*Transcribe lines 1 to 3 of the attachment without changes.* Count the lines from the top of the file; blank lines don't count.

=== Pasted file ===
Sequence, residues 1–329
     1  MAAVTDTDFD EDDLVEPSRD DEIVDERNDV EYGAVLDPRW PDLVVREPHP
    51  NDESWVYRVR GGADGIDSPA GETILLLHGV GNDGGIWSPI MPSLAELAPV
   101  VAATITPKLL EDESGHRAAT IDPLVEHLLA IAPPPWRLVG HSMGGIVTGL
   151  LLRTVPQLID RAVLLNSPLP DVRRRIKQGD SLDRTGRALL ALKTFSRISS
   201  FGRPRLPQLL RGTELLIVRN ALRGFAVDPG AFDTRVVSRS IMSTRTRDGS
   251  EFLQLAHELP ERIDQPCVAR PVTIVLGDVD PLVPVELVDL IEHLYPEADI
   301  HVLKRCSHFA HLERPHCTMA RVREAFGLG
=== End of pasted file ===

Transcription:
Sequence, residues 1–329
     1  MAAVTDTDFD EDDLVEPSRD DEIVDERNDV EYGAVLDPRW PDLVVREPHP
    51  NDESWVYRVR GGADGIDSPA GETILLLHGV GNDGGIWSPI MPSLAELAPV